I watched Gentlemen's Agreement on cable tonight after viewing it half a dozen times over the years -- it's such a great film.
Then Tom Rothman came in after the credits and offered some commentary on this 1947 movie. I was astounded. It wasn't embraced by the masses back then, and in fact, it brought the wrath of the know-nothings down on Hollywood, leading to the Blacklist period.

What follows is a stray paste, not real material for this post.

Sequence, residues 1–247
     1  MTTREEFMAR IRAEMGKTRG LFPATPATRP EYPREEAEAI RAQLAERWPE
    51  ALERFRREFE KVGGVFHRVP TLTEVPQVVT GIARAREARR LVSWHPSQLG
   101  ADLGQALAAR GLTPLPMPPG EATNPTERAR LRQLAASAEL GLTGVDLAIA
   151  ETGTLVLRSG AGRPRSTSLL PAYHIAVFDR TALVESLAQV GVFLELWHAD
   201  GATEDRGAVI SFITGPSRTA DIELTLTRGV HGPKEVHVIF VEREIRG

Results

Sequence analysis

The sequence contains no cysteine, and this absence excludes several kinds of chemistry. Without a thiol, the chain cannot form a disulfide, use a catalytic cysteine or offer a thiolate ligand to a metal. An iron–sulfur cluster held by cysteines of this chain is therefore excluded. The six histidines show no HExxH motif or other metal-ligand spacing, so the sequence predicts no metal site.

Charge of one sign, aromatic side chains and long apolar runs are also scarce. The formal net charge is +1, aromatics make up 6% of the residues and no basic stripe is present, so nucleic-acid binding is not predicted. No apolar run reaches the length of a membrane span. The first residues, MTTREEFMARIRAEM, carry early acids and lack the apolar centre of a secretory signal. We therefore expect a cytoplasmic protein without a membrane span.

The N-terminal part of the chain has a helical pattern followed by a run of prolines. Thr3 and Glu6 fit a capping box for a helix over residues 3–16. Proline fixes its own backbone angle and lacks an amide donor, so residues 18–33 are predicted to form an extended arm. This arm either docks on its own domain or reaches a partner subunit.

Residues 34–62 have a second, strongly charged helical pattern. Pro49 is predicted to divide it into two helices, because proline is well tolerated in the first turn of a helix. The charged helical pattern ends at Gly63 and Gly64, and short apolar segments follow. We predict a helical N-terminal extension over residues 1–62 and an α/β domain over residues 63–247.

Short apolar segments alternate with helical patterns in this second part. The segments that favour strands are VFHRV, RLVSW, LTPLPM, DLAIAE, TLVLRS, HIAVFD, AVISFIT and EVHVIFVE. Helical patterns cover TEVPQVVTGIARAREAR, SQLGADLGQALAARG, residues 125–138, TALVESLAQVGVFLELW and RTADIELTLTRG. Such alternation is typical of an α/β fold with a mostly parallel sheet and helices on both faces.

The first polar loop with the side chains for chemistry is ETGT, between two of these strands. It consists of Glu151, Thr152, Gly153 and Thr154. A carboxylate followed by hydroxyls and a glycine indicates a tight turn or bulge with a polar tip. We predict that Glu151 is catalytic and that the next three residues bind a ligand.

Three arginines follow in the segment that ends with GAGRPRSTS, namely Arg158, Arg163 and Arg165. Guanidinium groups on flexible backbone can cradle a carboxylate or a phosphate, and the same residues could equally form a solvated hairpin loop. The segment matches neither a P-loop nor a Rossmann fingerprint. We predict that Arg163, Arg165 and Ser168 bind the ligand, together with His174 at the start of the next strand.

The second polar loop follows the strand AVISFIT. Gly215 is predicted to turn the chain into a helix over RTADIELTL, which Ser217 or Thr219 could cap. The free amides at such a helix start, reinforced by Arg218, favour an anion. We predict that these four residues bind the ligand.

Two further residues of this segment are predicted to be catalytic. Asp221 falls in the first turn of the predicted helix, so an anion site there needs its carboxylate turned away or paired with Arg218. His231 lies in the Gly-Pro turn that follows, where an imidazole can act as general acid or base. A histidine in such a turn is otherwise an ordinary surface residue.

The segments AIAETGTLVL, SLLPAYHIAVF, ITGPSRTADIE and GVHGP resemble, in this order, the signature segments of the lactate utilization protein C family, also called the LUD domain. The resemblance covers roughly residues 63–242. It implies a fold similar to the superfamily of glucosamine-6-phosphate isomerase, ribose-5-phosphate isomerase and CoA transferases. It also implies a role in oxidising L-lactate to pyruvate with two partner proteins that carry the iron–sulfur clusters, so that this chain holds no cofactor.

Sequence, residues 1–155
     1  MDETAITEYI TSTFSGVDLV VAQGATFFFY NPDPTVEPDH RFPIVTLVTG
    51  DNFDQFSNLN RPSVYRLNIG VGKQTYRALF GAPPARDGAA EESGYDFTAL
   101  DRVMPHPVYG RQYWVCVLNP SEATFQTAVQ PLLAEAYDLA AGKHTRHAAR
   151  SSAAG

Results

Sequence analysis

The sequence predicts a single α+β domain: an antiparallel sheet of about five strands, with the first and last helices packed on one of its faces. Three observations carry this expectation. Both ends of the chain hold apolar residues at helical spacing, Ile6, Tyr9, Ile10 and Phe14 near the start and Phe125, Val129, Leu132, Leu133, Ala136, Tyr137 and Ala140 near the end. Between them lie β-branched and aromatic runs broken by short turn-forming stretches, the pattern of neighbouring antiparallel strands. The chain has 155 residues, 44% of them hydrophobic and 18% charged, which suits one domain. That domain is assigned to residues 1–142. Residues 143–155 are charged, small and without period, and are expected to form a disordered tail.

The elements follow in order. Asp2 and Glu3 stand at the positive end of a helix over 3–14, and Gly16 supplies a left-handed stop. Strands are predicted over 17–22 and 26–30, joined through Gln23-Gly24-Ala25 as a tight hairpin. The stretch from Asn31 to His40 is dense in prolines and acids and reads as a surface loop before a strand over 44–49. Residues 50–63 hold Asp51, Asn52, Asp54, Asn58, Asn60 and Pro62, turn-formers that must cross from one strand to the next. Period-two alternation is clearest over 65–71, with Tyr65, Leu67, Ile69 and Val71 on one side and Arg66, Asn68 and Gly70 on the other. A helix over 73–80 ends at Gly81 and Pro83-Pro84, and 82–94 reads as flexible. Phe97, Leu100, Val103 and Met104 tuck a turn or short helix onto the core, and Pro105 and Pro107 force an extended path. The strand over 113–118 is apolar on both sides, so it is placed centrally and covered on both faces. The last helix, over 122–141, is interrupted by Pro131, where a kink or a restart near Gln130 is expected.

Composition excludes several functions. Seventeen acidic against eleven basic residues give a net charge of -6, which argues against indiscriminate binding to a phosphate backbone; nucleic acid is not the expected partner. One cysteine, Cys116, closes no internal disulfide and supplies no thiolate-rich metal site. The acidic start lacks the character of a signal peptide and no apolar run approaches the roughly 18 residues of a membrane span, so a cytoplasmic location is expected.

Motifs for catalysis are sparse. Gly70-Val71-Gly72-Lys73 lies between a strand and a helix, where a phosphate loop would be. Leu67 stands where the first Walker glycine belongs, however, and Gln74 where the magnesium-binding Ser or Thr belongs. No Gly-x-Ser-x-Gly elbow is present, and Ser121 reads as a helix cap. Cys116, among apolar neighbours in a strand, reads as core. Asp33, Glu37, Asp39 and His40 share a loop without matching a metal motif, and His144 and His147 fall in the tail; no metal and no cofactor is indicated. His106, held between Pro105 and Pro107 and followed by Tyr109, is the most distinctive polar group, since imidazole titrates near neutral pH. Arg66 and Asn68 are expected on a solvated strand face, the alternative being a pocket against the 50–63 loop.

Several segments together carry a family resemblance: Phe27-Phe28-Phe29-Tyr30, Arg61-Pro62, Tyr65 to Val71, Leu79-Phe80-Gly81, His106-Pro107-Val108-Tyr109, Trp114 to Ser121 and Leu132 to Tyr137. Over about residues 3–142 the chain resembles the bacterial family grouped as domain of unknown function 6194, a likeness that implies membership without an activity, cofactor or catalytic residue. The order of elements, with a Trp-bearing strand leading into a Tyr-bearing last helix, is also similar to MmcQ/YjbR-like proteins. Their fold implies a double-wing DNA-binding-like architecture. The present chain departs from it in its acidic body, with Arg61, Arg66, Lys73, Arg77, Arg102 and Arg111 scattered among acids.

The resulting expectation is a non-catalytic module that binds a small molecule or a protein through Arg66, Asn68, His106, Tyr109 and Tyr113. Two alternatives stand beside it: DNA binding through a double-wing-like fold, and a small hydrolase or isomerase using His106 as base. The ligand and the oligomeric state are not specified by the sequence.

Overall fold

As a Midwestern-wasp who first saw it in the 40s, I thought it was elegant but overblown. Who could deny Gregory Peck a hotel room because he MIGHT be Jewish? That's a silly premise. I thought. John Garfield can't find a house in a decent neighborhood after mustering out of the Army? Give me a break. I've lived since 1936 and discovered over the years this country was not as envisioned by the settlers, at least the decent settlers. Since the 40s I've learned about the Japanese-American internments, the brutality of 'segregation'in the South, the anti-miscegenation laws where Korean wives were denied to Caucasian soldiers in Virginia, and the enforced subservience or prohibition of women in professions. Well the list is long. I'm glad Mr. Rothman pointed out recent films that raised public consciousness.
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